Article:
A Case of a Bank and a Trust
And I feel darn good about it, because making money right along with me will be the Frank P. and Polly O'Meara Doyle Trust, which owns 51% of the bank and has been using its own dividends to fund thousands of scholarships for Santa Rosa Junior College students since 1950.
Disclosure: As of this posting, I own shares of EXSR and may subsequently either dispose of them or purchase more.
Exchange Bank would be an appealing addition to these three institutions operating in the neighborhood, but since I'm a stand for the bank staying independent, I'll just leave it at that.
Rabobank, Netherlands (RABO, on Netherlands Exchange)
Umpqua Holdings, Portland, OR (UMPQ)
†as of 03/31/2015
William R. Schrader, Chairman
Gary Hartwick, President and CEO
Greg Zahn, Executive VP and CFO
Exchange Bank of Santa Rosa, CA has done plenty to earn the trust of its community and shareholders. In particular, it merits a nice row of Gold Stars for:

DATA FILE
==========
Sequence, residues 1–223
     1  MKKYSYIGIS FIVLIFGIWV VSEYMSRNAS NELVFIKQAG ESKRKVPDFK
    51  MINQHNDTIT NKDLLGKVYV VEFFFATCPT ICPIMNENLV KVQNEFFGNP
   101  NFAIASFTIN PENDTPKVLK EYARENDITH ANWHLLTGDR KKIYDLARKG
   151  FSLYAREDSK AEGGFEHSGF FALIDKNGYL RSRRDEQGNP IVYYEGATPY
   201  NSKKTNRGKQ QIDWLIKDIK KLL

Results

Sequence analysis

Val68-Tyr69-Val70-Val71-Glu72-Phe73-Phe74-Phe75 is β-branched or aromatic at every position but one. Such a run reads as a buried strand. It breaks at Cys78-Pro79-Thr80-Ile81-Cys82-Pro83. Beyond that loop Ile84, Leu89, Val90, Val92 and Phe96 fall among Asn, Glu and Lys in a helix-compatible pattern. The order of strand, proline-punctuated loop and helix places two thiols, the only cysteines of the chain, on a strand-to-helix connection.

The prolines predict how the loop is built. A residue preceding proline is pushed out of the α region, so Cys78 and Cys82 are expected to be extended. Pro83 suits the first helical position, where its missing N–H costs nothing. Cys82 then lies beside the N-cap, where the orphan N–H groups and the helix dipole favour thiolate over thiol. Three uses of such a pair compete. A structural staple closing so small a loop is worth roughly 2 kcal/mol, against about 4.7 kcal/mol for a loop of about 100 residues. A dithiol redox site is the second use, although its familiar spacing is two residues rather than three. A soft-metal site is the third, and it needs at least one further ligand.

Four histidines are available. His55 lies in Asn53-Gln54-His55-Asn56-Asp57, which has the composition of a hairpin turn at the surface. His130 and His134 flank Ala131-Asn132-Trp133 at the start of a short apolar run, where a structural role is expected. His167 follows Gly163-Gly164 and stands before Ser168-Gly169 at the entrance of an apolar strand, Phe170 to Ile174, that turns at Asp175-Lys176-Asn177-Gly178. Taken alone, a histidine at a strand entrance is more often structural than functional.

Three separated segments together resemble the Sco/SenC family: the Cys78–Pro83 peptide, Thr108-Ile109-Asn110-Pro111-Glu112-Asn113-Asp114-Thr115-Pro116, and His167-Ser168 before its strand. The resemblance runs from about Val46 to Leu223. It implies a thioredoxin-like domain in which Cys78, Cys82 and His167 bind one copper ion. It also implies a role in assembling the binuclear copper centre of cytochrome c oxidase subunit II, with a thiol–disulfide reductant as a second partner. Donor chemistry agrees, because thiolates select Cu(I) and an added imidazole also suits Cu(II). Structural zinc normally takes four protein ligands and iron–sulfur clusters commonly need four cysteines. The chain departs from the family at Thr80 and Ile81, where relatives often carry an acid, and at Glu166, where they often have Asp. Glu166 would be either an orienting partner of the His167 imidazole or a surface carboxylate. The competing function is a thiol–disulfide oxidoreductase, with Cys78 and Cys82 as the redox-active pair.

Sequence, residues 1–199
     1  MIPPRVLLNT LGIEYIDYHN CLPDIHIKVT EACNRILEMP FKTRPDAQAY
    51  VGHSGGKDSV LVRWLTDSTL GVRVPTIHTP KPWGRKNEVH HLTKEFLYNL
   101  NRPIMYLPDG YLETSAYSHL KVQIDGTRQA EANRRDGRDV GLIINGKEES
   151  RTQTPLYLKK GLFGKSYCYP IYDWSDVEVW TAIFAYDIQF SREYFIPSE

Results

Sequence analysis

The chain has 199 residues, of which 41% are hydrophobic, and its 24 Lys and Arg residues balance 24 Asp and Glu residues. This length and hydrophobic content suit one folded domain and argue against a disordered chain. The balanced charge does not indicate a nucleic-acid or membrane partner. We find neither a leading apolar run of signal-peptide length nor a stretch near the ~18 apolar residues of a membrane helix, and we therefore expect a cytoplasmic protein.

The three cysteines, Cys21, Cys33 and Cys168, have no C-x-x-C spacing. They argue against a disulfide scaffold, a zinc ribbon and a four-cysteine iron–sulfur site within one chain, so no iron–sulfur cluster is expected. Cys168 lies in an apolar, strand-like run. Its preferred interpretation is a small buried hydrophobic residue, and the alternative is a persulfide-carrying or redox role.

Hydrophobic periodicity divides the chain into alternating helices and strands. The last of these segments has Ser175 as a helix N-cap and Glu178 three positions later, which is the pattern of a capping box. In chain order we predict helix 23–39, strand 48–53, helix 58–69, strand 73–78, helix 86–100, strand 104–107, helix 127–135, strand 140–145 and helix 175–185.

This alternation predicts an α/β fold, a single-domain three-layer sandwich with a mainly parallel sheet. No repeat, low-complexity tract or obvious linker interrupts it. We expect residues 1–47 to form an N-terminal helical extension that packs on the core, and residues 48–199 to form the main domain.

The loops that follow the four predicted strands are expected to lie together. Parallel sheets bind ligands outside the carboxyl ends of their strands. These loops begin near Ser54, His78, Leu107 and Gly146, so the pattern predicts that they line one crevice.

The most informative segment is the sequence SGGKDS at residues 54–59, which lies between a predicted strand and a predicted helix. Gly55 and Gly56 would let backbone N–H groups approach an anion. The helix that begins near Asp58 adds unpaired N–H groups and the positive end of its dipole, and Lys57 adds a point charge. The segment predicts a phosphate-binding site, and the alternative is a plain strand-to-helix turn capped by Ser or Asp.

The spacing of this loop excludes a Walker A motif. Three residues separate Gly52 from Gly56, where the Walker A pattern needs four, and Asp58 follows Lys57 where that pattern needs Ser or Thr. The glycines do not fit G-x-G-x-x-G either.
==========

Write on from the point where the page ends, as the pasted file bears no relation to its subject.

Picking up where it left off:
Doing its Founding Father proud. I feel like Frank and Polly Doyle are the true luminaries in the Exchange Bank story. All too often, family-owned institutions, at best, peter out over the years, or more commonly, fall victim to nepotism and malaise with succeeding generations. In stark contrast, the Doyle Family legacy is a Trust that Founding Father Manville Doyle's son Frank and daughter-in-law Polly specifically designed to keep the interests of the community and shareholders first and foremost for the life of the institution.
Doing measurable good in its community. Banks talk a lot about community service, but it'd be hard to find one that tops the good Exchange Bank does every year in its hometown. Since 1950, the Frank P. and Polly O'Meara Doyle Family Trust has used its honestly earned dividends to pay out over $80M in scholarships that have helped some 122,000 students attend Santa Rosa Junior College. In a town whose population doesn't appear to exceed 175,000, it's arguable this bank and Trust have been upskilling an entire workforce!
Doing right by its shareholders. Exchange Bank's Managers and Directors deserve special mention here as well. They guided the bank effectively through the Great Recession, have already grown book value by 67% since EXSR's 2009 low, and appear on course to deliver even greater returns — for which those of us who were left holding worthless shares in one or more of the hundreds of banks that failed in that Recession are truly grateful.